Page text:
Tracing the genesis of the Sikh Community is to go beyond 120 years into the history of East Africa. They originated from Punjabi in Northern India. The first batch of Sikhs to arrive in the region, according to Justice Anup Singh Choudry, were soldiers brought by the Imperial British East African Company (IBEACo) in the 1880s to serve in the police force.
These provided security for the company’s premises and stores. They were also sent to protect the East African railway under construction and the caravan routes to the mainland.
Members of the community talked to were not sure of the exact date when the first Sikhs reached Uganda and their identity. However, they all concurred that by 1900 there were Sikhs in Uganda.
This is buttressed by evidence that the first Sikh temple (Ramgharai Sikh Temple) in Nakivubo was built in 1910. It was a temporary structure. Temples (named Gurdwaras in Punjab) were icons of their presence in the different towns in the country. Soroti, Fortportal, Tororo, Jinja, Mbarara and Mbale are some of the districts in which such temples sit.
In their maiden years in Uganda, the Sikhs gained popularity for their prowess in building and carpentry, says Parminder Singh Katongole, deputy treasurer of NRM. “Any Ugandan builder or carpenter, who learnt the craft between 1940 and the 1970s, is likely to have learnt from the Sikh,” he states.
The Sikhs also thrived in other disciplines such as; politics, business, sports and security.
In Mbarara District, the mark of the Sikh’s impact takes the form of a street and market named after one of their own; Markhan Singh, a successful Sikh businessman that operated from the district. Singh dealt in long haul transport services. At the height of his business he owned about 100 trucks and employed 400 Ugandans.
Sardar Singh Gupta (SS Gupta) was another prosperous Sikh businessman who lived in the district. He doubled as a board member in a number of schools in Mbarara such as Ntare School, Nyamitanga Muslim School and the Church Missionary Society School.
Current status of the community
The setting of the Sikh community has not changed much. Katongole says there are more than 800 Sikh families in the country. They are no longer active in the Police Force and national sports, but they are vibrant in business, politics and the judiciary. They are more pronounced in the fabrication and long haul transport businesses.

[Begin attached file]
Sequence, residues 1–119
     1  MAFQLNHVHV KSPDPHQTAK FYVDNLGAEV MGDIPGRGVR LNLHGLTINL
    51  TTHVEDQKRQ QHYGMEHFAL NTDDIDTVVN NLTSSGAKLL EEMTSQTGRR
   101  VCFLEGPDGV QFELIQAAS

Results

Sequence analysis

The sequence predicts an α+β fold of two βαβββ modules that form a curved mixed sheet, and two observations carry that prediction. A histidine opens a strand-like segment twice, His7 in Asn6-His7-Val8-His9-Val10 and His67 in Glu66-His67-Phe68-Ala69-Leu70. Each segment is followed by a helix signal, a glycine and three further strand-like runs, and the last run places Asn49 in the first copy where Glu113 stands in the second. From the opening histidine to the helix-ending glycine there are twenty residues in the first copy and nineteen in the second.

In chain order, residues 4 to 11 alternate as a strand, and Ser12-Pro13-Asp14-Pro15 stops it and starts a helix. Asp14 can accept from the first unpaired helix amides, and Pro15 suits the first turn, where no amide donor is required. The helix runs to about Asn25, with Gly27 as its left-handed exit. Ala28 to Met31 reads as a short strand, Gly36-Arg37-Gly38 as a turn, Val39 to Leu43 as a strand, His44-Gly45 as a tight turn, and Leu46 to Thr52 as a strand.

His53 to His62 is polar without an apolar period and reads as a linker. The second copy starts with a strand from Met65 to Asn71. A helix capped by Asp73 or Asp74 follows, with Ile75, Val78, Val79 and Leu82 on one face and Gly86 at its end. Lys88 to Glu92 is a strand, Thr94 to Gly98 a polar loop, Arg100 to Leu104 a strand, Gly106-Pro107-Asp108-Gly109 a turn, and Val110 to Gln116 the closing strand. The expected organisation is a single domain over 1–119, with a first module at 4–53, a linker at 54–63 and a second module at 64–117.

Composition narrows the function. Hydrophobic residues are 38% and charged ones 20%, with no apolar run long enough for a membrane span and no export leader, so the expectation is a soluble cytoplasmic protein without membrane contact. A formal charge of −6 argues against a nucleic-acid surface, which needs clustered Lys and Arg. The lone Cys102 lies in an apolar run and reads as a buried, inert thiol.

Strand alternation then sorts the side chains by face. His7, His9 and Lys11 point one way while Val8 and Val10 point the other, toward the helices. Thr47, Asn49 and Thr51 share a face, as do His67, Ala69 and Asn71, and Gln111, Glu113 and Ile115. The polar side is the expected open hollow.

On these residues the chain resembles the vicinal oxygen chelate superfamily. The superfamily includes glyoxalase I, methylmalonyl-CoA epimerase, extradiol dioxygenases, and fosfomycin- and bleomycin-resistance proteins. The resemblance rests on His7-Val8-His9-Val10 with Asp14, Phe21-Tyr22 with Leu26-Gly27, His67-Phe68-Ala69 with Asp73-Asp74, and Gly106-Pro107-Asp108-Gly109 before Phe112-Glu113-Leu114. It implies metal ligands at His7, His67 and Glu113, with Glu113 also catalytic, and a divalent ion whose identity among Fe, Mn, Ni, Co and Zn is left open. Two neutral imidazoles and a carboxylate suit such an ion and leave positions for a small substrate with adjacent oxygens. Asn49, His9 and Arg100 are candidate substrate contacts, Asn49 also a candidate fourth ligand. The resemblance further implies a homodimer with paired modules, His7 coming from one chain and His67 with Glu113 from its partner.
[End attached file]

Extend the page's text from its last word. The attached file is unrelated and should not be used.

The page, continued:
Many a Ugandan can only identify a Sikh by their beard and turban. And when the Sikh’s name is unknown to the Ugandan, the latter will likely invoke the former’s moniker, Singha Singha.
How did the name Singha Singha come about? The origin is not clear. “But one would assume it is derived from Singh, the name of every male Sikh. The Swahili pronounce it as Sing-ha. Thus Singha Singha applies to the whole male Sikh community,” explains Justice Choudry.
The turban and beard show respect of Sikhism (the Sikh religion) says N.P Singh, the Secretary General of Sikh Association of Uganda.
The Sikh etiquette
When a Sikh is baptised, he is referred as Khalsa, meaning, The Pure. A Khalsa is expected to follow the Sikh code of conduct and wear prescribed physical articles of the faith. One of them is never to cut their hair and the beard. The hair is required to be under the turban.
“A Khalsa also has to carry a wooden comb to properly groom their hair. This is a symbol of cleanliness. They are supposed to don specially made cotton underwear as a reminder of the commitment to purity,” explains the Secretary General. “A steel bangle signifying bondage to truth and a ceremonial sword are the other two physical articles we wear.”
N.P Singh notes, Sikhs, especially the young generation, find difficulty in their bid to live by the Sikh code of conduct. They have to bear explaining themselves over and again, why they do not cut their hair. The adults are not spared. Some have been labelled Osama Bin Laden (the fallen leader of Al –Qaeda) because of their long beards.
The turban, steel bangle and Punjabi, the Sikh language, are the distinct features of the Sikhs from the rest of the Asian community. The Sikhs, also, do not worship idols.
In a Sikh home
When a Sikh is born, the Holy Book is randomly opened and the child is named after the first letter, on the first verse of the random page. For example, if the letter is P the child is given a name that begins with letter P, if the letter is A, their name has to start with A.